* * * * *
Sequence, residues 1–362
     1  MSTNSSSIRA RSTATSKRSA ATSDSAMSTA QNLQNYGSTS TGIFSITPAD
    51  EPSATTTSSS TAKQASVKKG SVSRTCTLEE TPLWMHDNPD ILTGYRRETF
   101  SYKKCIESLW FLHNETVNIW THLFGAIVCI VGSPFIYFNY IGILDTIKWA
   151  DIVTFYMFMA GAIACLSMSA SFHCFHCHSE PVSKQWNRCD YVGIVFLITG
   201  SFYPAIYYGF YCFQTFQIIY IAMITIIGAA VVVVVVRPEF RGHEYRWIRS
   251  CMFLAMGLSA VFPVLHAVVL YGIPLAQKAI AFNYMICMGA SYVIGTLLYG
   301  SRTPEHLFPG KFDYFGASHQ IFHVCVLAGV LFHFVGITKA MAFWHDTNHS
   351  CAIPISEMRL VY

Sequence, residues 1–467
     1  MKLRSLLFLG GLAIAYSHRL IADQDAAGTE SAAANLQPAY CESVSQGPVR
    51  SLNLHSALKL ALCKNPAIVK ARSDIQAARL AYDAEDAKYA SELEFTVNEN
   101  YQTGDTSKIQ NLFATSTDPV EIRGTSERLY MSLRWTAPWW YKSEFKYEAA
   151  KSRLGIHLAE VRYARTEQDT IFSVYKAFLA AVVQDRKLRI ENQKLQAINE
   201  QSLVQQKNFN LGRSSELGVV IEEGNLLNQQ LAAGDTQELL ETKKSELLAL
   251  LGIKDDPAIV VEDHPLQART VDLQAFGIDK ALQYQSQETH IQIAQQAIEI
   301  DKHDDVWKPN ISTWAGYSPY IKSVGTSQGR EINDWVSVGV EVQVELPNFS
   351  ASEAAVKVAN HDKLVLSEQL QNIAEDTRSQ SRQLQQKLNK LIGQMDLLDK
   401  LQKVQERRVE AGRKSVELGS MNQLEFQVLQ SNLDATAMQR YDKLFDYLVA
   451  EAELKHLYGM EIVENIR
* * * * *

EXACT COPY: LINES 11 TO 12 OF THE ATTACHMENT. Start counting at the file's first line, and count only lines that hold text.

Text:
     1  MKLRSLLFLG GLAIAYSHRL IADQDAAGTE SAAANLQPAY CESVSQGPVR
    51  SLNLHSALKL ALCKNPAIVK ARSDIQAARL AYDAEDAKYA SELEFTVNEN